The first winter of the war in the USSR (1941-2) demonstrated to the German army that most of its wheeled transport was completely unable to deal with the dreadful muddy conditions produced during the freeze-thaw weather that marked the beginning and end of the Russian winter. During these conditions it was only the halftracks that could make any headway, but to divert the precious halftracks from their operational purposes to carry out the mundane day-to-day supply functions was obviously uneconomic, so it was decided to produce low-cost halftrack trucks. This was done quite simply by taking Opel and Daimler-Benz trucks from the production lines and removing their rear axles. In their place went new dnveshafts connected to tracked assemblies made from PzKpfw II running wheels and tracks. In itself this was a considerable economic advantage since the PzKpfw II was then going out of production and existing capacity could be retained, making the truck conversion an even more cost-effective venture.
The new halftrack trucks were provided with the name Maultier (mule). In the end the conversions used mainly Opel Typ S/SSM trucks, and in service they were generally a success although they tended to lack the overall mobility of the 'proper' halftracks. Not surprisingly, their use was confined to the Eastern Front, and the vehicles were used mainly for routine supply purposes.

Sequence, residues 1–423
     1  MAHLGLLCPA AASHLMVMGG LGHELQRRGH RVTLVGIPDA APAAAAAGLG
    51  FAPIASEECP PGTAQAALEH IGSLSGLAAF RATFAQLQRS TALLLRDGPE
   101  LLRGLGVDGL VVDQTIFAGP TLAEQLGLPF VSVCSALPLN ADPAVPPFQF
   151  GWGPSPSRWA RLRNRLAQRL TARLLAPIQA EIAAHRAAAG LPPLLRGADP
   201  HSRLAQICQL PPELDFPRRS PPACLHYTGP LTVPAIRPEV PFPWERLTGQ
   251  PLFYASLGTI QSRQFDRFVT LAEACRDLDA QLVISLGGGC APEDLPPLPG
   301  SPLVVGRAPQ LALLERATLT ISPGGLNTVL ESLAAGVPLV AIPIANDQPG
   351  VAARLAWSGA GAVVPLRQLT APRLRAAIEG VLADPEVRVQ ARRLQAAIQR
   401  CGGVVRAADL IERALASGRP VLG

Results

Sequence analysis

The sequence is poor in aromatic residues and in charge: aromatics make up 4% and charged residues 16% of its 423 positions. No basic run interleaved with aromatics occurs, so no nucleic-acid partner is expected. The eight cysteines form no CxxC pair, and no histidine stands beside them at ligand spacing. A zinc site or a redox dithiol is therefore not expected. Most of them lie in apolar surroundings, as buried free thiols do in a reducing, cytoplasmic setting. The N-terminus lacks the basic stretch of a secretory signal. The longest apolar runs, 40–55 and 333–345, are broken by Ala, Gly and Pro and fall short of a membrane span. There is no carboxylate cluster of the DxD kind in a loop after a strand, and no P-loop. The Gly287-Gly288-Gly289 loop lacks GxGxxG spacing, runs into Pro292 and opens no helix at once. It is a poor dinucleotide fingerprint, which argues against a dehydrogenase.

Not content with a good thing, the Germans as ever were forced to employ the Maultiers for yet another purpose, The German Nebelwerfer (rocket) batteries had become an established part of the army artillery system by late 1942, and it was decided that the Panzer formations should have their own dedicated rocket units. At that time most Nebelwerfer units used towed launchers, so in order to keep up with the Panzers a self-propelled version was required. The halftrack was the obvious choice as a starting point, but as none could be allocated the Maultier was pressed into use.
The basic truck was provided with a fully armoured cab, engine cover and hull. On the hull roof a 10-barrel launcher known as the 15-cm Panzerwerfer 42 was placed. This launcher had 270° of traverse and 80° of elevation, and it fired the 10 rockets in a ripple. The army ordered 3,000 of these conversions with the understanding that production would eventually switch to the sWS when production totals of the latter allowed, which they never did (apart from a small batch of prototypes). The first of these Maultiers was used during 1943, and had a crew of three. The rockets were carried in the launcher, with reloads in compartments along each side of the lower hull, A machine-gun was usually carried. Some of these armoured Maultiers were produced without the launcher and were used to carry extra rockets for the launcher vehicles, and some of these were used by units other than the Nebelwerfer batteries as front-line ammunition supply vehicles, although their armour was proof only against small arms projectiles and shell splinters.
Maultier (rocket launcher)
Weights: 7100 kg (15,653 lb)
Powerplant: one 3.6-litre 6-cylinder petrol engine
Dimensions: length 6.0 m (19 ft 8.2 in); width 2.2 m (7 ft 2.6 in); height 2.5 m (8 ft 6 in)
Performance: maximum road speed 38km/h (30 mph)
Armament: see text